In the Q2-2016 edition of INSIGHT, readers were encouraged to become familiar with and support H.R. 5579, the Secure-E-waste Export Recycling Act (SEERA), a bill that was introduced to control the export of electronic waste in order to ensure that such waste does not become a source of counterfeit goods that may reenter military and civilian electronics supply chains. Along with two previous bipartisan bills, H.R. 2284 and H.R. 2791, Responsible Electronics Recycling Act, H.R. 5579 fell short of becoming a law or “died” in the 114th Congress. A bill must be passed by both the House and Senate in identical form and then be signed by the President to become law. Legislation not enacted by the end of a Congress is cleared from the books. On February 7, 2017 H.R. 917: Secure E-Waste Export and Recycling Act, picked up where H.R. 5579 left off and was introduced into the 115th Congress where it was referred to the House Committee on Foreign Affairs.
The federal government and the defense industry are enacting new policies and practices to prevent the introduction of counterfeit components into supply chains along with methods to detect them should they slip through yet, despite several attempts, no federal e-waste recycling mandate currently exists.
Two previous bipartisan bills were introduced which would forbid U.S. companies from exporting e-waste: H.R.2284 - Responsible Electronics Recycling Act (introduced June 22, 2011) and H.R.2791 - Responsible Electronics Recycling Act (introduced July 23, 2013). Both versions of the bill died.
On June 24, 2016 Rep. Gene Green (D-TX) along with Rep. Paul Cook (R-CA) launched a third attempt to stop the flow of electronic waste to China and other countries known for producing counterfeit electronic parts by introducing H.R. 5579, the Secure E-waste Export and Recycling Act (SEERA).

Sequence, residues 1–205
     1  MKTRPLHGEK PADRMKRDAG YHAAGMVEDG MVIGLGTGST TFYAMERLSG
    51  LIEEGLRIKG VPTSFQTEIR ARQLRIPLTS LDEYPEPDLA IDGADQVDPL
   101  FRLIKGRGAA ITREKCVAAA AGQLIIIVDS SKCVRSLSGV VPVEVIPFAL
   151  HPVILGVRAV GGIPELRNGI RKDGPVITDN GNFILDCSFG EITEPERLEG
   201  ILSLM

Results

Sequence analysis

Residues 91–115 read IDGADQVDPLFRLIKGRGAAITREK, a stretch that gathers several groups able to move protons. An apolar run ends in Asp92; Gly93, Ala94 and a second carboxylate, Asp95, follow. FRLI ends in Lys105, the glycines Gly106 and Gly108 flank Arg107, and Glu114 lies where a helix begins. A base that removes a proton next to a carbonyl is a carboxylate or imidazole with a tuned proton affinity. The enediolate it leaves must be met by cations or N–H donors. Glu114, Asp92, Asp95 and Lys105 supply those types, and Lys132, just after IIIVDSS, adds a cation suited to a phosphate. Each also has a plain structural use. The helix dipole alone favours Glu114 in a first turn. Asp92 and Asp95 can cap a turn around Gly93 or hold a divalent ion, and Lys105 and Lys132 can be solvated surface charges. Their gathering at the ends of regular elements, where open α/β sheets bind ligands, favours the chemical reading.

We need broad industry support in order to pass this legislation.
It is 2016: fifteen years since China was admitted to the WTO and the
first counterfeit part was reported to ERAI; a decade since ERAI’s
President made a second trip to China to see firsthand how e-waste was
being used to fuel what has been referred to as a counterfeit
epidemic; and nine years since I wrote ...
Refurbished parts are defined as “parts that have been renovated in an effort to restore them to a ‘like new’ condition, e.g., leaded parts may have had their leads realigned and re-tinned and subjected to cleaning agents and chemical processing”i But what if this “restoration” process also involves altering the part’s surface and remarking?
In recent months ERAI has identified a disturbing trend particularly, but not exclusively, involving Chinese suppliers and service providers, whereby remarked parts are being sold or identified as refurbished. It’s as if these individuals believe they have circumvented the laws that have been broken if they merely identify the parts as refurbished as opposed to new. They have not. Organizations are violating intellectual property right law even if the true nature of the part is disclosed.
Learn how e-waste threatens the US Military and how more stringent waste and recycling policies can reduce the threat posed by counterfeit electronics and pollution and decrease conflicts in war-torn countries.
Why you should read it:
While many reports have cited the impact that e-waste has on the environment, people and children who mishandle the waste and the re-introduction of waste into the supply chain many times as counterfeit parts, this report is the first to attempt to measure the volume of waste using harmonized measurement methods on a global-scale.